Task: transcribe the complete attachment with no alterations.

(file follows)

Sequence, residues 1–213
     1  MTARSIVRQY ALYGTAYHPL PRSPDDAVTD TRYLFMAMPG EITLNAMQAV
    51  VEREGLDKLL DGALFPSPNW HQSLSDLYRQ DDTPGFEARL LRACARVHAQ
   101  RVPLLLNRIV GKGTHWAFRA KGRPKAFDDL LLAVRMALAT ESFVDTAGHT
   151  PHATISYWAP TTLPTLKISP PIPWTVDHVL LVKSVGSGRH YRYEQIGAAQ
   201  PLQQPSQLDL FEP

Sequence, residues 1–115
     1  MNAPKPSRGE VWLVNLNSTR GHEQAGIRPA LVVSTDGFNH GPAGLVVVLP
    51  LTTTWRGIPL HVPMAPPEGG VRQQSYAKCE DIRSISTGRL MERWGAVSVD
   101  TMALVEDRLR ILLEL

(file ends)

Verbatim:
Sequence, residues 1–213
     1  MTARSIVRQY ALYGTAYHPL PRSPDDAVTD TRYLFMAMPG EITLNAMQAV
    51  VEREGLDKLL DGALFPSPNW HQSLSDLYRQ DDTPGFEARL LRACARVHAQ
   101  RVPLLLNRIV GKGTHWAFRA KGRPKAFDDL LLAVRMALAT ESFVDTAGHT
   151  PHATISYWAP TTLPTLKISP PIPWTVDHVL LVKSVGSGRH YRYEQIGAAQ
   201  PLQQPSQLDL FEP

Sequence, residues 1–115
     1  MNAPKPSRGE VWLVNLNSTR GHEQAGIRPA LVVSTDGFNH GPAGLVVVLP
    51  LTTTWRGIPL HVPMAPPEGG VRQQSYAKCE DIRSISTGRL MERWGAVSVD
   101  TMALVEDRLR ILLEL